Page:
Recovery in the Media: #66. Imagine Dragons

This band might have dark songs, but their honesty and glimmer of hope make the music powerful.

This band might have dark songs, but their honesty and glimmer of hope make the music powerful.

66. Selected Imagine Dragons songs

Rock music usually overwhelms me. Heavy beats and screaming lyrics were what I associated with this genre. However, as I have been exposed to more types of music, my tastes have begun to broaden. The first song that I heard by Imagine Dragons was “Radioactive.” The somber lyrics and apocalyptic feel bewildered me, but something about the eerie tone transfixed me. As I have listened to more songs by this band, I have found that the morbid nature of their lyrics actually has some hope hidden beneath them despite the darkness in our world. Likewise, depression can cause one to see things in a grim light, yet hope remains for those of us who struggle with mental illness.This is one of the reasons that I chose them for Media Monday.

Selected Songs:

    • “Monster” from their Smoke + Mirrors album
    • “Demons” from their Night Visions album
    • “I Bet My Life” from their Smoke + Mirrors album
    • “It’s Time” from their Night Visions album
    • “On Top of the World” from their Night Visions album

Recovery Pluses: First of all, “Monster” speaks about a child who wants to fit in with peers but cannot. Honestly being himself, he asks the listener if knowing who he truly was would be too scary. He admits to having a monster inside of him that wants to grow but longs to cling to the candle that guides him. Right away, this song is more honest than many people are. We all can let this monster inside take control instead of taking the harder path of light and love. That is the message that this song (and much of the album) seems to send.

We all have darkness and parts of ourselves that we are ashamed to show others. “Demons” demonstrates that wonderfully. Although the singer wants to help someone, he realizes his own troubles. Fear of hurting the one that he loves causes him to tell that person to stay away and not be mistaken. We should not hate ourselves, but knowing our struggles and admitting them is important. All of us make horrible mistakes and hurt others. Luckily, some hope drifts into this song as the singer believes someone can “show [him] how” to escape the inner demons. That is all rather dark, perhaps, but real life and depression certainly can go to level of despair.

Being willing to give up parts of your life for someone else is important for forming friendships. This is needed both by those in recovery and their support people. Likewise, we need to trust that others will be able and willing to sacrifice their time and efforts for us. “I Bet My Life” illustrates this deep bond. Sometimes we desert people, as the character in the song does. However, we can choose to return (like the singer) and ask for forgiveness. We all do need those people who we can bet our lives on because of their loyalty and love.

The song “It’s Time” is just as ambiguous in meaning as many of the other songs by Imagine Dragons. Many different interpretations have been given for the lyrics such as “This road never looked so lonely/This house doesn’t burn down slowly/To ashes, to ashes” and “It’s time to begin, isn’t it?/I get a little bit bigger but then I’ll admit/I’m just the same as I was.” Whatever the precise meaning, this piece shows the importance of staying true to yourself in rough times. The road to success and peace is filled with dangers and darkness (as the video also portrays). However, as showed in the music video, light peers through in the end.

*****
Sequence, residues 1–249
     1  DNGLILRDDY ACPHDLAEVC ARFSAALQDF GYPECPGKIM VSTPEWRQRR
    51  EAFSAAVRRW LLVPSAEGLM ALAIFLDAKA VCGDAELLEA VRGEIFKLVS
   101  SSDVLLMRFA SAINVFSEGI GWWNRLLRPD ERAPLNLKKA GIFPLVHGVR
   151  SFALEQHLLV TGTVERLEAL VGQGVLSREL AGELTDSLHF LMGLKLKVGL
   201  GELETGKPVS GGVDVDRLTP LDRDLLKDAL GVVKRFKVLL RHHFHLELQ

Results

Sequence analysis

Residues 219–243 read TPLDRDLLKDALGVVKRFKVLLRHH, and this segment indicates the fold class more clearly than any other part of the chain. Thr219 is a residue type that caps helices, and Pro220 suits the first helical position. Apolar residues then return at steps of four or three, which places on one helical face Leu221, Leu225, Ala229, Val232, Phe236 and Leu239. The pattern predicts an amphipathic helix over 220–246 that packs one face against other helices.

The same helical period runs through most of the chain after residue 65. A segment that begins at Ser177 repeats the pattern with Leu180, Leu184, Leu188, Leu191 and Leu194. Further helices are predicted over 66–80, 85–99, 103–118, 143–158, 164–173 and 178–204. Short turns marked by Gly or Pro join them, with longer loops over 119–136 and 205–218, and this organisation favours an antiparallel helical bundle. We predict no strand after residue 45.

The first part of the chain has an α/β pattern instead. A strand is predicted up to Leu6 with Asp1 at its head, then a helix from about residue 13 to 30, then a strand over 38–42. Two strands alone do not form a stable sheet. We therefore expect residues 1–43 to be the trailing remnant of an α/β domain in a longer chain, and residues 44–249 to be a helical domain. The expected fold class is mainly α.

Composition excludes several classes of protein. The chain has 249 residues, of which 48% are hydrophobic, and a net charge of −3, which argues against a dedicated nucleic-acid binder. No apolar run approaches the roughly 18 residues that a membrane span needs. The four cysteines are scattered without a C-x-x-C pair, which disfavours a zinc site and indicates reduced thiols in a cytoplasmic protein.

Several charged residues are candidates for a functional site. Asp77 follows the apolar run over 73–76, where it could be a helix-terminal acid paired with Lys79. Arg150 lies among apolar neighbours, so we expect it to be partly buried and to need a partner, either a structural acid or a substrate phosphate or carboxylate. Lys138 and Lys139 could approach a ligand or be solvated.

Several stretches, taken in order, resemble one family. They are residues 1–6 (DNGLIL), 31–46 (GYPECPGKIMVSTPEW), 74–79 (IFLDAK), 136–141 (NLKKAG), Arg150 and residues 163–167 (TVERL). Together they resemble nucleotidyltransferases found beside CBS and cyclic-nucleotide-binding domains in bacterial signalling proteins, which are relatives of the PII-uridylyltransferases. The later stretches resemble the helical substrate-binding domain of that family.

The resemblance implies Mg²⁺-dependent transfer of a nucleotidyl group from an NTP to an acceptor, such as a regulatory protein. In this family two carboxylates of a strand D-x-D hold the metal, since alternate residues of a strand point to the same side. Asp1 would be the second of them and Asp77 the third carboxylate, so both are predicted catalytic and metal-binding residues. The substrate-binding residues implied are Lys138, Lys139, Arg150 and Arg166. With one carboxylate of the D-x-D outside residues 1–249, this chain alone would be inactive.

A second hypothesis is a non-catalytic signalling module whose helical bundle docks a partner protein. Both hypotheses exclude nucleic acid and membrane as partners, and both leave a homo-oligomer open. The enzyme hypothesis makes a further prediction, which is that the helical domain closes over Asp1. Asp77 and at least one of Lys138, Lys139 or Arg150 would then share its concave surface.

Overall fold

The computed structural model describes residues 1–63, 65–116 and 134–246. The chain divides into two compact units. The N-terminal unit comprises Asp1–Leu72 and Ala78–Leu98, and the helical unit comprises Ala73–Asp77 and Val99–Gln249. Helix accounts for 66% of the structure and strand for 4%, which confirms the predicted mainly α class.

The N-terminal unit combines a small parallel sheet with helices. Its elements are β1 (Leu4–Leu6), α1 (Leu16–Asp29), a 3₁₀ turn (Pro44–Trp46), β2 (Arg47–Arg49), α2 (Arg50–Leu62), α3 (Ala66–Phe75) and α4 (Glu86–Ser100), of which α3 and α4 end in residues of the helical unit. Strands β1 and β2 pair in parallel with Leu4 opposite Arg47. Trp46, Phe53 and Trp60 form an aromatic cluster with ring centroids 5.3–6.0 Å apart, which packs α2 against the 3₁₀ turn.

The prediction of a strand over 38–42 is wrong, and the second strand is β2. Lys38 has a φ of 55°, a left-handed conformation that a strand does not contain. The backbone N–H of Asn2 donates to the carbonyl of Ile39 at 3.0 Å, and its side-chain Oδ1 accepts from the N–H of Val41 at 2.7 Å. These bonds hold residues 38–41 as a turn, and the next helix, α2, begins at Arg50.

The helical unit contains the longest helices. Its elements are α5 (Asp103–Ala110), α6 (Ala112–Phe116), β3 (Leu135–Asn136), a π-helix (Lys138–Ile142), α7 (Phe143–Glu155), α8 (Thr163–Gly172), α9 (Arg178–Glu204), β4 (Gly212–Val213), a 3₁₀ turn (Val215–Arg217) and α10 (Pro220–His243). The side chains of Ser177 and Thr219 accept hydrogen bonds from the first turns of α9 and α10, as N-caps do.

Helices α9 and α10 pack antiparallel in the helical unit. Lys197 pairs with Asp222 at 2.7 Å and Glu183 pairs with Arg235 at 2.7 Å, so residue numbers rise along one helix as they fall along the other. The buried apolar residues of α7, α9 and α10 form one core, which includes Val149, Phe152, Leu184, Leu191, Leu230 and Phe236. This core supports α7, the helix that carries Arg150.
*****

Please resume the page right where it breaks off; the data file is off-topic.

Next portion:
Finally, “On Top of the World” is a surprisingly upbeat song filled with joy and optimism. The person singing states that they are “on top of the world” and do not intend to come down in spirits. Having a bouncy, joyful tune with the somber ones is pleasant. Also, there is a great message still about loving the people around you instead of taking them for granted.

Cautions: Several of the songs have words that might be considered mild swear words but are more likely simply words used in the correct context. Also the dark atmosphere of the songs and music videos is a bit frightening or disheartening at times. Thus, their music is probably best for preteens and older.

While researching this band and its songs, I found myself saddened but also hopeful. Their music is raw and deep as well as confusing. In an age when most people talk about the good that people can do, this songs point to the darkness all of us have inside while still allowing some room for hope. In the end, this attitude leaves me feeling more optimistic if less giddy about the future. Life is a struggle with many dark paths, but light still shines as we battle our way to recovery and a better life.

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3 thoughts on “Recovery in the Media: #66. Imagine Dragons

  1. 80smetalman says:

    Glad that you are expanding your musical horizons. I have always been a metalhead and I have found lyrics in songs that certainly spoke to me. It has given me great joy and never ever had me thinking about committing suicide or shooting up a school.

    • The more that I meet people, the more that I begin to enjoy more types of music. There is nothing wrong with a genre in and of itself. All can have good or bad songs. 🙂

      • 80smetalman says:

        So true. Videos can have a similar effect. I remember one by Elton John where the song wouldn’t have been too bad but the video brought back some painful memories. I used to walk out of the room when it got played on MTV.

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